The brilliant 2017 visual novel Butterfly Soup by Brianna Lei is a story about many things. It is about the pains and prides of growing up Asian American in Oakland, it is about coming out queer, it is about playing baseball and living in a society that only pretends it’s no longer racist. It is about coping with emotional distress and anxiety, it is about homophobia, both internalized and overt. It’s about redeeming love for dogs. And it is also about representation.
By that I do not mean it is a game that provides good representation; the diverse cast of characters that make up the story have roots all over Asia, and the narrative constantly draws attention to various aspects of Asian-American life, from the differences between “normal passing” and “Asian passing” in tests at school, to language troubles between people who, although lumped together as “Asian” come from vastly different backgrounds. Yet, it is not for me to judge whether this is good representation – I am neither Asian, nor American and I do not want to presume. What I can say with full certainty, however, is that Butterfly Soup makes an excellent case for why diverse representation matters.
To explain, I’d like to go on a small tangent first. I was recommended Butterfly Soup by the algorithm on the itch.io storefront, which noted that I seem to have interest in visual novels with queer themes. And that’s true, I do actually like to read about queer people! But what does this “queer people” even mean here? Terms such as “gay”, “lesbian”, “transgender”, or “queer” are not neutral, universal descriptors. Although we tend to use them as if they could accurately describe any sort of non-hetero attraction or sexuality, the matter is more complicated than that.
Along with the development of lesbian and gay studies (and later queer theory), there’s been a consistent stream of critique coming from post-colonial writers, or just people who are not Western, not from the Global North, not White. What they have all been indicating is that the history of “gayness”, “lesbianism”, or “queerness” is of concepts developed in the West, to describe particular Western experiences and cultures, and then often employed as if they could fit experiences of everyone else on the planet just the same. As if being in a gay marriage in the 21st century New York meant the same thing as being in homosexual relationship in pre-colonial India.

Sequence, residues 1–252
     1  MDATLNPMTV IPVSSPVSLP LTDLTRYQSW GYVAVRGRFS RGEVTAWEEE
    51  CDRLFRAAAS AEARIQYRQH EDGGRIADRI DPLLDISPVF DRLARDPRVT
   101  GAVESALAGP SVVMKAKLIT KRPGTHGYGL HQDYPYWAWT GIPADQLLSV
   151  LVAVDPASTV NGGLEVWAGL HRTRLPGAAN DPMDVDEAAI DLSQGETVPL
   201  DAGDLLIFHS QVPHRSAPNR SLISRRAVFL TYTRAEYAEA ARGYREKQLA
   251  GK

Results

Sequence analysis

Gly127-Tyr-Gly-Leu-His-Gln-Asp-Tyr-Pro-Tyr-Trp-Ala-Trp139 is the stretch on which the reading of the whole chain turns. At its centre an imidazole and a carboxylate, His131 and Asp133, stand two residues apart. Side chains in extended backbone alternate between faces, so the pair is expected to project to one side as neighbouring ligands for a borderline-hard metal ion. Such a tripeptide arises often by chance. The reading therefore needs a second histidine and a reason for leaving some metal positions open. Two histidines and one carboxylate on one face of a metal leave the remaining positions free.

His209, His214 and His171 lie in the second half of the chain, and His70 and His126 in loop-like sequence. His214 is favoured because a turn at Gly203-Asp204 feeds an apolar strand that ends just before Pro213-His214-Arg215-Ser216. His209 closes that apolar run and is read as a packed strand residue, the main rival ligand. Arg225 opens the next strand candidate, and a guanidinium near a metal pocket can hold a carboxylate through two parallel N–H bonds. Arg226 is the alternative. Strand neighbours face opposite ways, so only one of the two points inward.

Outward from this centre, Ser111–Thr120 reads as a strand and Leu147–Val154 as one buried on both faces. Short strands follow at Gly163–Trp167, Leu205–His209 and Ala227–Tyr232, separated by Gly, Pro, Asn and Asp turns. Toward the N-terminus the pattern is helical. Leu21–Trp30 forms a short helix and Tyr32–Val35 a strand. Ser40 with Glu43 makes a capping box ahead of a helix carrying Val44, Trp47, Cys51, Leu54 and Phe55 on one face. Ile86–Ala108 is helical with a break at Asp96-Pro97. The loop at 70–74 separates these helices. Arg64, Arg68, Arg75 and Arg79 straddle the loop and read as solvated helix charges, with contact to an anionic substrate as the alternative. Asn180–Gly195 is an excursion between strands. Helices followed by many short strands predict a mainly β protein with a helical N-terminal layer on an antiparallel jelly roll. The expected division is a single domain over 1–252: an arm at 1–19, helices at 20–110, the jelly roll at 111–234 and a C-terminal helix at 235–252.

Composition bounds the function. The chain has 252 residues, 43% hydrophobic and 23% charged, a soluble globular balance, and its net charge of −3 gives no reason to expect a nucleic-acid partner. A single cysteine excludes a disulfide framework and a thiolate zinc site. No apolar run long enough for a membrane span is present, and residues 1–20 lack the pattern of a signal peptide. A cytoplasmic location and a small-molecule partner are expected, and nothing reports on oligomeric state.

And so Butterfly Soup isn’t just a game about queer people, it is a game about queer people from a specific background which is constantly brought up and depicted as informing their queerness.
But are they even “queer”? The word itself isn’t used in the game at all, and in fact, the narrative and dialogue are very light on such labels. Between the four main characters Diya and Akarsha, Min-seo and Noelle, only Akarsha is comfortable with actually using the contemporary Western language of sexual orientation to describe herself. For others, the labels are a confusing challenge (and a source for a lot of great humour when they struggle to articulate their feelings). And for Noelle, the very idea of a same-sex relationship is something that she at times struggles to conceptualise as actually possible.
But should we understand their difficulties as the result of their growing up in an insular Asian-American world (in flashbacks to their earliest years, we saw one of them wonder what the percentage of white people is in the US was, and guessing that 4% would be about right)? Or is it just due to the general confusion and struggle of growing up, which also serves as one of the game’s important themes? One of the interesting motions in Butterfly Soup’s narrative is how it flips the script on a certain idea on where (and among whom) queerness is possible.
The post-colonial criticism of queerness as a Western thing is not usually a criticism of the West “spreading the gay”, like the propaganda of some states – states that are otherwise often understood as “Western” – likes to picture it. Looking at you, my homeland.
Instead, it often focuses on showing how the narrative of the West as the cradle of gay rights can be then used to justify prejudice and xenophobia, branding “the East” (either as a geographical place, or as a designation of a community) as a site where living as a queer person is just not feasible. The implication then becomes the notion that those who desire a fulfilling gay life must be either (but often both) life in the West or in assimilation to Westernness, which is seen as the only pillar on which LGBT+ rights can be built.